Once again, the weather forecasters seemed to agree we would have a wet weekend, with 80 percent coverage in some areas. What they couldn’t agree on was the timing. Clearly, other campers were deterred by the dire warnings. But we pressed ahead, knowing that being holed up in Cloud 9 would be as good or better than being holed up at Hampshire.
As it turned out, with the exception of a few steady showers, we enjoyed delightfully sunny days and cool, clear nights in an almost camper-free park. Sometimes, it pays to follow your intuition. The mid-August break in our typically sizzling summer was such a welcome relief that we decided to stay on Sunday night. That may not seem like such a big deal, but the logistics involved can get complicated, especially when having to report to work at 8 a.m. on Monday.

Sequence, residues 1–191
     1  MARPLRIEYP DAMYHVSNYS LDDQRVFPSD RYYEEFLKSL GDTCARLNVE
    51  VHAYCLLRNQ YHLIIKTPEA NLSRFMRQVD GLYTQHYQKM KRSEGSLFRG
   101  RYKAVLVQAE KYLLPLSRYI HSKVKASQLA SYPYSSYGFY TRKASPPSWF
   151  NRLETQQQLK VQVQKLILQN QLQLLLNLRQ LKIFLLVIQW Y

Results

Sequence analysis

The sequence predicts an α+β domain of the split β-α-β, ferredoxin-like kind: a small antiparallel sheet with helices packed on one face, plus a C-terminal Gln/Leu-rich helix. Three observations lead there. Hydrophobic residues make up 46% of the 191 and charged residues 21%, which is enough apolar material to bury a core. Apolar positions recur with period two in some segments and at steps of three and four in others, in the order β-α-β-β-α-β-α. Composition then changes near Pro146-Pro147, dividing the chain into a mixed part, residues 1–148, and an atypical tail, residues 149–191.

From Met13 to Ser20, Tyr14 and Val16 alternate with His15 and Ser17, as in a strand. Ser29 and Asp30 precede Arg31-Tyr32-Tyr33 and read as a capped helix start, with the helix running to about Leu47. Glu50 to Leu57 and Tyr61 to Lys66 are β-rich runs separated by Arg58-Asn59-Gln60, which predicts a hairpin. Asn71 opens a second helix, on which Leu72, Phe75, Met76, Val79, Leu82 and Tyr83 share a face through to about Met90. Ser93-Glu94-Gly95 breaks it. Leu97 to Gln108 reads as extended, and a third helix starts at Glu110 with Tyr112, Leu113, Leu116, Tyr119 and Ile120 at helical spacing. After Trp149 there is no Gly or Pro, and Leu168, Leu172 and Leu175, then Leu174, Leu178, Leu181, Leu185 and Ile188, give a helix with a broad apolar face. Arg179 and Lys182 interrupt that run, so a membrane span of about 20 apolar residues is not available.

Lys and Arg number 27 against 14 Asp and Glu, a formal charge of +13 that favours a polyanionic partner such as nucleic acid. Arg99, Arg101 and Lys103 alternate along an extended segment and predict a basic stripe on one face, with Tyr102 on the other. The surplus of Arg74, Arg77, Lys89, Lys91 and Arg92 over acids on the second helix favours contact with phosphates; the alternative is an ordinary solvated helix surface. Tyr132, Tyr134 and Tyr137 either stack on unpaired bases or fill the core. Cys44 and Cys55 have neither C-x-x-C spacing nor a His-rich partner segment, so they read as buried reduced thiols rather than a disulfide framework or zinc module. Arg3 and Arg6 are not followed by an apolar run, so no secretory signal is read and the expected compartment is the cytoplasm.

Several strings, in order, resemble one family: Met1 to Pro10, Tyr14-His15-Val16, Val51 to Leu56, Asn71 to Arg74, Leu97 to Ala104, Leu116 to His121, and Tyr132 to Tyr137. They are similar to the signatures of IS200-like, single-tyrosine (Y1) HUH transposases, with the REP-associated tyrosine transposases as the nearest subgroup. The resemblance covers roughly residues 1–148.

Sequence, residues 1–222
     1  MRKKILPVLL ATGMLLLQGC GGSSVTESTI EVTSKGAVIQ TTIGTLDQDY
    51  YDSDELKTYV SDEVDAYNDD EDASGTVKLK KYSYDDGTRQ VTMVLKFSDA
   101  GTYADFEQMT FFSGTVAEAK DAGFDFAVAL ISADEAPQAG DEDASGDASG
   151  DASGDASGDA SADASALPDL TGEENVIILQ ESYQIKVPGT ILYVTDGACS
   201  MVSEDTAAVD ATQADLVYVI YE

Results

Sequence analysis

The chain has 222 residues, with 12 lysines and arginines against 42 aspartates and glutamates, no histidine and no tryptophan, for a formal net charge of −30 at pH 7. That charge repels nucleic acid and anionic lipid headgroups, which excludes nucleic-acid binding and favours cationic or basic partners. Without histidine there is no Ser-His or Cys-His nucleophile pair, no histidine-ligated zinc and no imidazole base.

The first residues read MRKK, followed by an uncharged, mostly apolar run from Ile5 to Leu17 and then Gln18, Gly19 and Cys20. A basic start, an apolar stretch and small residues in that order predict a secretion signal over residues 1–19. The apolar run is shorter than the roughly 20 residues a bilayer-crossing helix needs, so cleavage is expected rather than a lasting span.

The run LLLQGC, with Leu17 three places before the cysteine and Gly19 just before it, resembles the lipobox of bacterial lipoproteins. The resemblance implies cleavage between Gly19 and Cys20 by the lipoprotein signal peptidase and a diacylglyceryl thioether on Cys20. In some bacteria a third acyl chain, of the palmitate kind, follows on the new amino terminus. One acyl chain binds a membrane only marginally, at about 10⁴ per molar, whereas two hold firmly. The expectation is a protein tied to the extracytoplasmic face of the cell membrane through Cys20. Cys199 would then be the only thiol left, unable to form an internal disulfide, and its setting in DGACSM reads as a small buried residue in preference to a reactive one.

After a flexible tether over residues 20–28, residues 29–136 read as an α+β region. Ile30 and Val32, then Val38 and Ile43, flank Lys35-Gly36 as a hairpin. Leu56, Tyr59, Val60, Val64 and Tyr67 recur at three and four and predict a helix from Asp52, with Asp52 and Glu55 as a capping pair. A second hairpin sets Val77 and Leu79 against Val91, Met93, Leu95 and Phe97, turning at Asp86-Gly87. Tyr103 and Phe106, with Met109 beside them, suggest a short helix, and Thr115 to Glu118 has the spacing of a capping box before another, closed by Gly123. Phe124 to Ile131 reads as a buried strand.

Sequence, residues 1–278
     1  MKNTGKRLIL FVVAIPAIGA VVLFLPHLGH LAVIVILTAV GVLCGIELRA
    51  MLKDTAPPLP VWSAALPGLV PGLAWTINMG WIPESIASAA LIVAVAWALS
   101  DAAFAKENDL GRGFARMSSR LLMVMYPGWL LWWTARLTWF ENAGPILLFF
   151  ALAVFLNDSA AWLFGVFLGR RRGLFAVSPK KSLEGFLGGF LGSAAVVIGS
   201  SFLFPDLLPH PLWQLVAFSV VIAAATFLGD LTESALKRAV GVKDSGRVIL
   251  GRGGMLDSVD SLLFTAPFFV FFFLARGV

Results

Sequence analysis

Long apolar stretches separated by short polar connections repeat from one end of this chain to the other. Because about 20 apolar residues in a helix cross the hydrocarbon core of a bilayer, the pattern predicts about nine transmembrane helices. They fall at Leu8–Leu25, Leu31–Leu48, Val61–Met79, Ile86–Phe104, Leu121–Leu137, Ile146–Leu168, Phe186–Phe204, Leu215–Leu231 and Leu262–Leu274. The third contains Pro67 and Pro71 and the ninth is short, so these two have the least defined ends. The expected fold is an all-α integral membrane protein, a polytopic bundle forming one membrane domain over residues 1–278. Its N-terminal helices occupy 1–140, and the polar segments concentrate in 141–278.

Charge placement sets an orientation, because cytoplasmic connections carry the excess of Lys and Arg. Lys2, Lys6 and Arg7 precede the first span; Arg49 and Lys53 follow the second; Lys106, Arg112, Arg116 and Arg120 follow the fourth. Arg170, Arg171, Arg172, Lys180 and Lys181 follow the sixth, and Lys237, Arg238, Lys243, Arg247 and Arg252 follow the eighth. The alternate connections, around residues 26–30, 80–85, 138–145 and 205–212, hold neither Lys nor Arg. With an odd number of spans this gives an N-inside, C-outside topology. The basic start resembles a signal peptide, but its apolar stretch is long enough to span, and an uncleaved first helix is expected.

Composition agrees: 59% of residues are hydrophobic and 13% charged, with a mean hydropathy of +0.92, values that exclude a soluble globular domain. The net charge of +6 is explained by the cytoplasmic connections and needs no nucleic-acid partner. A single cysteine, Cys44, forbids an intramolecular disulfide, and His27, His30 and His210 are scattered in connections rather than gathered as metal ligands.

Throughout the weekend, we enjoyed some great grilled foods, long walks with our doggies, thoughtful conversations about our lives and our love, and a peaceful calm punctuated only by the sounds of birds calling through the forest. Pure bliss!
We had an unexpected “moment” while listening to some sappy Country song about a father and daughter’s special relationship. Jon said simply, “I’ve never felt special,” and that unleashed a torrent of tears and a long talk about childhood memories and the lasting impact on our adult relationships.
Time doesn’t heal all wounds. And all our efforts to compensate merely conceal our vulnerable hearts.
We don’t envy parents. They’ve got a difficult balancing act. On the one hand, they need to instill the “specialness” of their children, and on the other hand they need to emphasize that their children’s setbacks and struggles are not unique. Raising children to be good citizens of the world is a task best left to people other than ourselves. We don’t think that makes us selfish but realistic. We don’t seem to have the genetic predisposition.
Our Sunday night extended stay set us up for relocating to the next weekend’s campsite a few days early, meaning we’d have a full week of sleepovers in our tiny home. We suspect we’ll pull the plug on our brick-and-mortar house some day and become full-timers. For now, it’s not possible. But some day…